At least that was always the way I thought of the process.
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Old 11-17-2011, 08:35 AM   #7
BUZZIN_NICE
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Originally posted by Jav400:
Generally I think it has to do with movement. The background images while they are moving if the screen is panning, are stationary.

The fish are all over the place in a purely random fashion. You can't predict where they will move to next, and therefore the 3D software can't either, so it is always slightly playing "catch-up". Granted this is done in microseconds because of the computer nature of the beast, but it is still doing it, with a ton of polygons to have to deal with, so I think random moving objects sort of stress out the properties of the 3D effect.

At least that was always the way I thought of the process.  
excellent explanation, now i see exactly what you mean. cheers for that, it makes perfect sense and seems totally logically.

i didnt understand the workings of 3d and by how you explain, 3d works independently of the objects on the screen. i was thinking 3d may work of taking snapshots of the whole screen and all objects, and then quickly refreshing an overlay, slightly off-set creating 3d image. this is the reason i couldnt understand why increasing the depth worked for some objects but not others.

i hope that makes sense...
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Old 11-17-2011, 10:29 AM   #8
Jim Sachs
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Ghosting is caused mostly by the monitor, specifically the "kill rate" of the pixels. A cheap monitor will have a slow kill rate, meaning that the pixels forming a fish will not be completely finished losing their glow in the 1/60 of a second it takes for the glasses to switch from one eye to the other. The glasses themselves can also contribute to this if they don't completely block the image for the "wrong eye".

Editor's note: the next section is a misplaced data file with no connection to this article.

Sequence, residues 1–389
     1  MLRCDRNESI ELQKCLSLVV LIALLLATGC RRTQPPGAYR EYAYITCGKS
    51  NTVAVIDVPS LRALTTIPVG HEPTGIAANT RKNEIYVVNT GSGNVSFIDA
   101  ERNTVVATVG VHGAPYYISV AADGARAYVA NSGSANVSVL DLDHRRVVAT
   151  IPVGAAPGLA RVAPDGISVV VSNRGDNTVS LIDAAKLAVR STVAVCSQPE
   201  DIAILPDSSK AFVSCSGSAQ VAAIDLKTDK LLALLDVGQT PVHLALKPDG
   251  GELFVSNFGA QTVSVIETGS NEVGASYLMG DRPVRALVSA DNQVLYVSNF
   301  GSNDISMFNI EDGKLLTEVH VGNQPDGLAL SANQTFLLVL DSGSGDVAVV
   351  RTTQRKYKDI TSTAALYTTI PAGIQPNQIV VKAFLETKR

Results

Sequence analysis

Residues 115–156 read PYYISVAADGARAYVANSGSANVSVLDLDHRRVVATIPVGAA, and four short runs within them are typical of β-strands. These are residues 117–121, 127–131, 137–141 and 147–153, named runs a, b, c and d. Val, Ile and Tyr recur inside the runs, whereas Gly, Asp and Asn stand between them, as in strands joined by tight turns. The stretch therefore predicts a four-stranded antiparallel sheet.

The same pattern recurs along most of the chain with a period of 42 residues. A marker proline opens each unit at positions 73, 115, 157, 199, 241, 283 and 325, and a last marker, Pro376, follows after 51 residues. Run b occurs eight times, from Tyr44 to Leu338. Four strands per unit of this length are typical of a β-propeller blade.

It's easy to see which objects will suffer from ghosting - just look at the screen without the glasses. The farther apart the two copies of an object are, and the higher contrast the background is behind them, the more ghosting you'll see when you put on the glasses.

The distant background is usually "ground zero", meaning that the two images are offset very little. When viewed without the glasses, this part will remain fairly clear - hence no ghosting. The early 3D glasses had much more versatile controls built into the drivers than any of the current ones seem to. From the keyboard, you could adjust not only the depth, but the position of Ground Zero. I always set this to be the gravel at the front of the tank, which made the monitor look like a real aquarium with the gravel right up against the glass.

The others are right, I have no control over ghosting. All I can recommend is setting the background colors to something fairly neutral, as a dark background makes ghosting worse because of the high contrast with the fish.
Jim Sachs
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Old 11-17-2011, 01:14 PM   #9
ESHIREY
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Jim is right about the ghosting and the monitor. A friend of mine has ghosting in his games in 3d where in the same games I don't. But then again he didn't pay what I did for my monitor. I have the Alienware AW2310 3D. Smooth as silk and so far no ghosting. I'll check and see how much if any ghosting I get with the aquarium when I go back to the room.
Thank you for taking the time to read this.
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Old 11-21-2011, 08:53 AM   #10
BUZZIN_NICE
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Originally posted by ESHIREY:
Jim is right about the ghosting and the monitor. A friend of mine has ghosting in his games in 3d where in the same games I don't. But then again he didn't pay what I did for my monitor. I have the Alienware AW2310 3D. Smooth as silk and so far no ghosting. I'll check and see how much if any ghosting I get with the aquarium when I go back to the room.  
i've got the exact same monitor as you, which certainly wasnt cheap lol but i am getting the ghosting which is odd. i am using nvidia 3 vision, i dont get the ghosting unless i increase the depth, have you tried increasing the depth on your 3d setup?

thanks for the replies guys and i'll try and adjust the background to a more neutral colour to test!